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David Duncan Has a Prescription for American Health Care

BOSTON, Sept. 14 /PRNewswire/ -- The 13th Annual Scientific Meeting of the Heart Failure Society of America (HFSA) today featured a discussion by David Ewing Duncan titled "One Man's Quest for Personalized Medicine." Over the course of one year, Duncan submitted himself to hundreds of tests that could predict and even prevent future illness.

One test made predictions about the health of Duncan's heart. By gathering data on his cholesterol levels, a heart CT scan, a genetic profile, and more, the test showed personalized predictions that were specific to Duncan's genes and physiology. One scenario showed Duncan's risk of heart attack at 70% over the next twenty years. That forecast changed dramatically if Duncan maintains his current weight instead of gaining the typical pound per year for a man over 40. With a steady weight, the risk fell to about 2 percent and with cholesterol lowering statins, Duncan's risk fell to zero.

"Many of these tests aren't ready for the general public, but they do give us an interesting glimpse into the future of medicine," said Duncan. "People are curious as to where this technology is going and we may never know unless we provide the organized push needed to learn more."

This specific test would cost nearly $1000 as demand increases but Duncan points out that a diagnostic cardiac catheterization can cost more than $25,000 and a heart bypass operation runs well over $85,000. The cost also has to be weighed against the 80 million Americans suffering from heart disease and the fact that nearly $450 billion was spent last year in direct and indirect costs for treatment of heart disease.

"David Duncan's journey through the American Health care system as a healthy person illustrates one of the major problems facing the American health care system today. That is, as health care professionals we recognize that it is imperative to identify patients who are at risk for developing heart disease, and then implement personalized strategies to reduce this risk," said Dr. Douglas Mann, HFSA President. "However, the upfront costs associated with screening large populations of patients with some of the emerging technologies may not be sustainable in the future. As we move forward in our efforts to prevent heart disease and heart failure, it will be essential to obtain outcomes data that identify the most cost effective and accurate strategies for identifying the patients who are at risk of developing heart disease and heart failure, as well as personalizing our approaches to these patients."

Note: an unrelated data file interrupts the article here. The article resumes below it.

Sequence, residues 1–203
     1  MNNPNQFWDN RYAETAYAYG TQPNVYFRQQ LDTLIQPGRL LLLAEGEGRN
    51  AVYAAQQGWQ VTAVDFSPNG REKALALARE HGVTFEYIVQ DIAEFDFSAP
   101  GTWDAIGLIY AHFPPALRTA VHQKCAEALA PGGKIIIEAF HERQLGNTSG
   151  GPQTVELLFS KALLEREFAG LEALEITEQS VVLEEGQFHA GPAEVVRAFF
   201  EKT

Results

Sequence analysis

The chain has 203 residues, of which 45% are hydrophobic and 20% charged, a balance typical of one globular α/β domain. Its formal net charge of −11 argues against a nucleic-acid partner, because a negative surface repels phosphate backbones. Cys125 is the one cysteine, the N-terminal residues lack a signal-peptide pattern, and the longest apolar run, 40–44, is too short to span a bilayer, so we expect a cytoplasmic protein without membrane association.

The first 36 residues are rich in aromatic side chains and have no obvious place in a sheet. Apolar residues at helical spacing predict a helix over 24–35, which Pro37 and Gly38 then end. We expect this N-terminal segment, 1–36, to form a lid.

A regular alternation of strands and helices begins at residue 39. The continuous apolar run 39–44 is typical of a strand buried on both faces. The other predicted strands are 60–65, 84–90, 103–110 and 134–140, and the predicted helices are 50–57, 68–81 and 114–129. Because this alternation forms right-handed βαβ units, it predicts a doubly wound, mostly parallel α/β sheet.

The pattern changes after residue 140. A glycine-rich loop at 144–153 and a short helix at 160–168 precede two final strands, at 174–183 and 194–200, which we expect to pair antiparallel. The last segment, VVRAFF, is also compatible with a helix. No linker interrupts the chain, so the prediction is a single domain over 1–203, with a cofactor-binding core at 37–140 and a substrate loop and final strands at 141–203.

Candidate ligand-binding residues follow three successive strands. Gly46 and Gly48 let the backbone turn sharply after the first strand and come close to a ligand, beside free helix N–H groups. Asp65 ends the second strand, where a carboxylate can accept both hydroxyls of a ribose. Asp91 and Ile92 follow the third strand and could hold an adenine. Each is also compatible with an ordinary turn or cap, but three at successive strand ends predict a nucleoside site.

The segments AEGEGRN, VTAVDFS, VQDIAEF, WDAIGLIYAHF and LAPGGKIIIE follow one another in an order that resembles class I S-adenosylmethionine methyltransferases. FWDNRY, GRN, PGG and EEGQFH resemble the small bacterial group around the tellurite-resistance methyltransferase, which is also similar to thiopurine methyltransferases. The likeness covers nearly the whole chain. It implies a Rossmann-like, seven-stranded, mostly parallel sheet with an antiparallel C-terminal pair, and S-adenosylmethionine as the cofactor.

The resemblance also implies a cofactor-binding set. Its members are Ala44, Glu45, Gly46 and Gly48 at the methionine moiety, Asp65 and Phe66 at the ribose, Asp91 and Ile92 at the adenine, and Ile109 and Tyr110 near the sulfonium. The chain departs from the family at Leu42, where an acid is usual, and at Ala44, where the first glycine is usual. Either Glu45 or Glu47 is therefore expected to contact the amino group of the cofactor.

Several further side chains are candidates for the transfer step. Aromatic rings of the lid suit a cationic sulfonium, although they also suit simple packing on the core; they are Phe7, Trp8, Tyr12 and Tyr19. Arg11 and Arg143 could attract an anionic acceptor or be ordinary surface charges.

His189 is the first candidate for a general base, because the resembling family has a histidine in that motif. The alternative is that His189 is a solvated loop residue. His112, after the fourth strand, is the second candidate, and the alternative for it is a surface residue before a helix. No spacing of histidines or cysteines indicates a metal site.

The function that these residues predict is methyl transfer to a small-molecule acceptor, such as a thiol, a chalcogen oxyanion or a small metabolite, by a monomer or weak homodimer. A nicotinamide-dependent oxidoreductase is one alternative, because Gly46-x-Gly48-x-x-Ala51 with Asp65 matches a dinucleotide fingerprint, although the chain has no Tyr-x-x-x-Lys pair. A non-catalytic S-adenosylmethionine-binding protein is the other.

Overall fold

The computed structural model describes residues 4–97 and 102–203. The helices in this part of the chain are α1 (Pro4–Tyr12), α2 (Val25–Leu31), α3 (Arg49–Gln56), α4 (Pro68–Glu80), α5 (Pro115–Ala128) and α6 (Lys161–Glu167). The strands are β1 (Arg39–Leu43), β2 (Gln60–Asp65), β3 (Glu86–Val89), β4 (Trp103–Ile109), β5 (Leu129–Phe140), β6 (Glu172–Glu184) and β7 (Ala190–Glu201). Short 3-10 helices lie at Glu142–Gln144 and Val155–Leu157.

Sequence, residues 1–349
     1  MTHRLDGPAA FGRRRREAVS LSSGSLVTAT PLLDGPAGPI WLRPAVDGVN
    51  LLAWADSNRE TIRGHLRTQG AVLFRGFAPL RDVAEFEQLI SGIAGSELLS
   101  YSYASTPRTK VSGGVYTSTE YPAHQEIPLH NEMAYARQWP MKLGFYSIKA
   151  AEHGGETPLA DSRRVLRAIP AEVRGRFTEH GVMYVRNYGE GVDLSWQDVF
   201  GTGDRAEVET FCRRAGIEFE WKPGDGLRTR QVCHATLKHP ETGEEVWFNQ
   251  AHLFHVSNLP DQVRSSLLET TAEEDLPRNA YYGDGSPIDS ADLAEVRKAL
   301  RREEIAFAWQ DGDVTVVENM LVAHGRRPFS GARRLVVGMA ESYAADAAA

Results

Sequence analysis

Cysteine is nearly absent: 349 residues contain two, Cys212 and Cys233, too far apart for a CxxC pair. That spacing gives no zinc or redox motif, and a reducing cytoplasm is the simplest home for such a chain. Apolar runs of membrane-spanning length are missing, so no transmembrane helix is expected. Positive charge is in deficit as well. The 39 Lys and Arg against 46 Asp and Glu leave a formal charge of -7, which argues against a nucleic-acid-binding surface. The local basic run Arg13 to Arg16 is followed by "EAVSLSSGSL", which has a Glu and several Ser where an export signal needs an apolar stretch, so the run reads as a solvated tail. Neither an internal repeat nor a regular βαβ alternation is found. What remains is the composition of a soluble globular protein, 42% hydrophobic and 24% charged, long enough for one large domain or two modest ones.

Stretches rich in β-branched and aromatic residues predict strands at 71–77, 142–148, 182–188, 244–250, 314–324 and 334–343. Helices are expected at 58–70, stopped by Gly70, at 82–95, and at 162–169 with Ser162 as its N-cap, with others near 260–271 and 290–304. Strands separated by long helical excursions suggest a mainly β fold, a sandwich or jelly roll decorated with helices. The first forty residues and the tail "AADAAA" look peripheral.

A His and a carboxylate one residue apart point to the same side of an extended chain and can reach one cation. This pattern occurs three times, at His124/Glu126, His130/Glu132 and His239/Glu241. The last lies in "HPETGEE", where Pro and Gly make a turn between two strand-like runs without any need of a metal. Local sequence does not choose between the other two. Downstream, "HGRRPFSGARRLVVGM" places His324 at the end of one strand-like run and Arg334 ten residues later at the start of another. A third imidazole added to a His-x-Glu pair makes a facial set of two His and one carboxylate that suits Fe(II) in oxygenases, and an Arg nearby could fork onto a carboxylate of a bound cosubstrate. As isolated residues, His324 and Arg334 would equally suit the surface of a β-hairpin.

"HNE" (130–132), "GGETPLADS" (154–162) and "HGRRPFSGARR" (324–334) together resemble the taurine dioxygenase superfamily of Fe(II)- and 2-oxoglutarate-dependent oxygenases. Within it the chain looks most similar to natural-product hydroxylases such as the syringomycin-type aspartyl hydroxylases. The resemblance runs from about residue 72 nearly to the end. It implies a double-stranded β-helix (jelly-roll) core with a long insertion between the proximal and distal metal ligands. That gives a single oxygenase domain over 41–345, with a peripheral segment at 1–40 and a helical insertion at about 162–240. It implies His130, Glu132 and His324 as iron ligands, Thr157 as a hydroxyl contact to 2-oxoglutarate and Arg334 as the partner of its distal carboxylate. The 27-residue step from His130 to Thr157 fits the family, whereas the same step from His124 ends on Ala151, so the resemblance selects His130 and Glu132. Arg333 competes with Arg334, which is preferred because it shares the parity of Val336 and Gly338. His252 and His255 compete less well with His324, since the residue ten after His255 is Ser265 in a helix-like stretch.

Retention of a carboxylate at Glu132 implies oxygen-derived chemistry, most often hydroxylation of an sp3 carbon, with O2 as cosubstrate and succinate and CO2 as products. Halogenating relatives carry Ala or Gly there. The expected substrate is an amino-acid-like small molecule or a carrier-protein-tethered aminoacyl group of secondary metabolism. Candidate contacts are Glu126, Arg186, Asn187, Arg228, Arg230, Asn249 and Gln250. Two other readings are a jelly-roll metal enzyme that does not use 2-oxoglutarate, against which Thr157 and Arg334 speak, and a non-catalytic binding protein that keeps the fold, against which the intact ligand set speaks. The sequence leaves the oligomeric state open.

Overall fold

For a complete list of annual meeting sessions or for details on attending the conference, call (617) 226-7183 or visit and click on Annual Scientific Meeting. There is no registration fee for accredited journalists. Interview areas will be available on-site in addition to a fully-staffed press room with phone and internet accessibility. You can also follow the annual scientific meeting on Twitter #hfsa

About Heart Failure

Heart failure is a progressive condition in which the heart muscle becomes weakened after it is injured, most commonly from heart attack or high blood pressure, and gradually loses its ability to pump enough blood to supply the body's needs. Many people are not aware they have heart failure because the symptoms are often mistaken for signs of getting older. Heart failure affects from 4.6 to 4.8 million individuals in the United States. Demographic and clinical evidence strongly suggests that the prevalence of heart failure will increase throughout the next decade. Ten to 15 years ago heart failure was considered a "death sentence;" however, recent advances in treatment have shown that early diagnosis and proper care in early stages of the condition are key to slowing, stopping or in some cases reversing progression, improving quality of life, and extending life expectancy. For more information on heart failure, please visit

About the Heart Failure Society of America

The Heart Failure Society of America (HFSA) is a nonprofit educational organization, founded in 1994 as the first organized association of heart failure experts. Today HFSA has over 1,500 members and provides a forum for all those interested in heart function, heart failure research and patient care. The Society also serves as a resource for governmental agencies (FDA, NIH, NHLBI, CMS). The HFSA Annual Scientific Meeting is designed to highlight recent advances in the development of strategies to address the complex epidemiological, clinical and therapeutic issues of heart failure. Additional information on HFSA can be found at

About David Ewing Duncan

David Ewing Duncan is an award-winning, best-selling author of seven books and numerous essays, articles and short stories; and a television, radio and film producer and correspondent. He is a Contributing Editor and Columnist for Conde Nast Portfolio, a Chief Correspondent for NPR Talk's "Biotech Nation," and a commentator for NPR's "Morning Edition". At UC Berkeley he is the Director of the Center for Life Science Policy and a Visiting Researcher at the Graduate School of Journalism. David's newest book, Experimental Man: What one man's body reveals about his future, your health, and our toxic world, is available now. More information can be found at

SOURCE The Heart Failure Society of America
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